It's always much easier to spot the teams having a bad time in testing as the clearest sign that a new car is struggling is a lack of mileage. While that will usually indicate a reliability issue, it also means the team is not progressing with the performance of the car simply because it is not getting the track time or data to move forward.

Assuming the car is reliable, the vibe around a team during testing can also indicate where it stands. Engineers and drivers are always keen to play down expectations at this time of year, but in the close-knit F1 paddock, confidence levels become increasingly easy to gauge after a couple of days at the track.

Despite the fastest times for each team being potentially misleading, it is still possible to piece together a vague picture of who's quick and who's not by digging deeper into the available data. By recognising certain patterns in the lap times, you can gain a better understanding of what's really going on and start to make predictions about who has found the biggest step in performance over the winter.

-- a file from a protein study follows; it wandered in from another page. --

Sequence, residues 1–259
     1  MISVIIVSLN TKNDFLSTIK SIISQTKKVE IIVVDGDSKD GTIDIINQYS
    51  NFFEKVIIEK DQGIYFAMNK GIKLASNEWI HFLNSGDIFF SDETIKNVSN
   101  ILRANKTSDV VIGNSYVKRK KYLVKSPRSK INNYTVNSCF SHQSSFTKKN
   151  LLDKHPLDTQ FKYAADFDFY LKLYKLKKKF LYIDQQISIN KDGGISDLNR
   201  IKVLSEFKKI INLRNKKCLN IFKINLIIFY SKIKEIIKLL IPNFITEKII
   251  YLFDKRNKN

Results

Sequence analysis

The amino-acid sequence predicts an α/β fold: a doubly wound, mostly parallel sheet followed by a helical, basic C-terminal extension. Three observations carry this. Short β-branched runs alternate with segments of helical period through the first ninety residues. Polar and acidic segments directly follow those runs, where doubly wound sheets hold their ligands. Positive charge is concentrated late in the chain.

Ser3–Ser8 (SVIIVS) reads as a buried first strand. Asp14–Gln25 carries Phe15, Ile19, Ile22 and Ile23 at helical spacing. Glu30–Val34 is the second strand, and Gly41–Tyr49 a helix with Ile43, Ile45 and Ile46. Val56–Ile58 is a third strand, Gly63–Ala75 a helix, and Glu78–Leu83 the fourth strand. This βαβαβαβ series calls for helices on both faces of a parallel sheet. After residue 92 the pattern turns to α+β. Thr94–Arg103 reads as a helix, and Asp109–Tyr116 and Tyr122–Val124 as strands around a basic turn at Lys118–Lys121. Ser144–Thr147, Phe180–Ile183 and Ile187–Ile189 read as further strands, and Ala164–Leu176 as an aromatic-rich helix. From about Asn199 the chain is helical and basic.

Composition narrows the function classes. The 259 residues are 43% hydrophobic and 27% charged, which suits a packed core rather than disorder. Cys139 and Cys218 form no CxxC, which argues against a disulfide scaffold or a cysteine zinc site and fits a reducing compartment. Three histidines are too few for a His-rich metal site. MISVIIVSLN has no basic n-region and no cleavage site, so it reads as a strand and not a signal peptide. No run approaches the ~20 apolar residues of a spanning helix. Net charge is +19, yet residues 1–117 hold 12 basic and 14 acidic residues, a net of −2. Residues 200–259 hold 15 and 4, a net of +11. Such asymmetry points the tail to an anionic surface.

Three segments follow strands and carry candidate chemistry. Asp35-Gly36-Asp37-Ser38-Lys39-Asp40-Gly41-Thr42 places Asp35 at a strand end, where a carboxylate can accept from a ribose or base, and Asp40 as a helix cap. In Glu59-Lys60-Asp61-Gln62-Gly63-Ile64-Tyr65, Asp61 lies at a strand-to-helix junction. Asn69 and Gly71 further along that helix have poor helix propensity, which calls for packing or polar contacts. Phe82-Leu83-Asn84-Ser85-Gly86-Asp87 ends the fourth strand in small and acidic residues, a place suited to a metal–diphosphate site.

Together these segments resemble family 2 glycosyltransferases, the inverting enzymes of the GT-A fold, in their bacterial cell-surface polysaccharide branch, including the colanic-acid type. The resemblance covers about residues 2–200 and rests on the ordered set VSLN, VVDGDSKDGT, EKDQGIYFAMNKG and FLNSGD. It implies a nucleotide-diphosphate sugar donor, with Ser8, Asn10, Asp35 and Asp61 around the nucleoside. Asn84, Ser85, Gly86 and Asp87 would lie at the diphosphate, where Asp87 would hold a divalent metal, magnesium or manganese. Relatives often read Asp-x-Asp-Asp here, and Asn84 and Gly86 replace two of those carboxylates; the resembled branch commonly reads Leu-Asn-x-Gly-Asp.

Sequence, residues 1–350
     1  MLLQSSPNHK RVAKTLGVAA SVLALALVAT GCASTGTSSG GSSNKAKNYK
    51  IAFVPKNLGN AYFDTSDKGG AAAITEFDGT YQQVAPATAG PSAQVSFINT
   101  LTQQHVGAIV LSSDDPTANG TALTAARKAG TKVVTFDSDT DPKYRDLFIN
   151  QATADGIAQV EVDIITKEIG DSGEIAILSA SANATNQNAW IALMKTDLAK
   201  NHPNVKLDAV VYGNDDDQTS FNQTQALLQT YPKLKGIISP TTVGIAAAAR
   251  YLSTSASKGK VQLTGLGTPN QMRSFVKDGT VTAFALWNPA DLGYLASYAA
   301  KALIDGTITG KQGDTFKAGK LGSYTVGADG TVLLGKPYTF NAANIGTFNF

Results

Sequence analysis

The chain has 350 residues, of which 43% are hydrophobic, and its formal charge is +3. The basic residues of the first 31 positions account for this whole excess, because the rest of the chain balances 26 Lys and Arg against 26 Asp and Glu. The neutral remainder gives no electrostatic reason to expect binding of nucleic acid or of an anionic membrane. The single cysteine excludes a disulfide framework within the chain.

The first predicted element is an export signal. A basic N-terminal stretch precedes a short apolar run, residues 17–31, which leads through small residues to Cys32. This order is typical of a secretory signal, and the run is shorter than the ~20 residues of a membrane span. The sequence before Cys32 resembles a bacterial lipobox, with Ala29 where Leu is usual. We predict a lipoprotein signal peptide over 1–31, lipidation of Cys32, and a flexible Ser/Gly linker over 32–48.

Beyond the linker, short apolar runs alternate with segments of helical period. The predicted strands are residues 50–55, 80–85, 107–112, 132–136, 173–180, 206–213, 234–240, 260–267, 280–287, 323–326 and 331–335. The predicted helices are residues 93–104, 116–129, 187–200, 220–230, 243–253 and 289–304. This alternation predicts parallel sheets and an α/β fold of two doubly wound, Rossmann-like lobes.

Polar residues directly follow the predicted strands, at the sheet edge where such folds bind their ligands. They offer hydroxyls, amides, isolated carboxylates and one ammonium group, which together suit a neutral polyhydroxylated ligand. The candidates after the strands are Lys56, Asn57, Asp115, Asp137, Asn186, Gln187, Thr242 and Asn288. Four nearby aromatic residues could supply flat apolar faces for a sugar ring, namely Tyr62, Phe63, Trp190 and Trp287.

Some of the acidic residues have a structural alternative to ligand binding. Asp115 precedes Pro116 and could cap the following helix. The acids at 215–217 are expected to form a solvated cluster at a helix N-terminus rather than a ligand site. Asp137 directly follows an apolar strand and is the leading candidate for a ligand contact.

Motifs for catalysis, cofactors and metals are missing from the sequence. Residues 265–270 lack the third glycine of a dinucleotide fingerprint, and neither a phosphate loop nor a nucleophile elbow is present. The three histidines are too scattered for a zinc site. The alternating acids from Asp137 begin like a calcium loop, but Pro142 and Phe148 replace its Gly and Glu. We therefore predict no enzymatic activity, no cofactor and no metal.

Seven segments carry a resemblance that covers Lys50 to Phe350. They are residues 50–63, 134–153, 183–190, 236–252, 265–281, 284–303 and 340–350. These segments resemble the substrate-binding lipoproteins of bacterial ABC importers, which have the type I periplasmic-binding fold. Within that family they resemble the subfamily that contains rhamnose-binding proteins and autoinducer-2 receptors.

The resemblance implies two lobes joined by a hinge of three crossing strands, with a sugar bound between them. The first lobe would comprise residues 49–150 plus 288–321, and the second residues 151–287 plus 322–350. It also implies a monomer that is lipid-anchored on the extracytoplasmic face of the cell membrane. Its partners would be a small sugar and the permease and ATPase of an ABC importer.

Performance runs

These are the laps where the team is trying to get a better understanding of the car's performance over a single lap. They are easy to spot as the drivers will alternate between "hot laps" and "cool-down laps," creating a tell-tale pattern of fast, slow, fast, slow on the timing screens.

Drivers have to intersperse their fast laps with slower ones to allow the tyres to recover after being pushed hard on the previous lap and to recharge the battery in the car's hybrid system, which will use up most of its power on a qualifying-style lap.

Tyre compounds are key to one-lap performance, and Pirelli offers all five of its compounds to the teams during testing. The compounds are numbered C1, C2, C3, C4 and C5, with the C1 being the hardest and the C5 being the softest. Softer rubber provides more performance but is less durable, meaning the softest compound might be good for only a single lap before it loses its peak performance.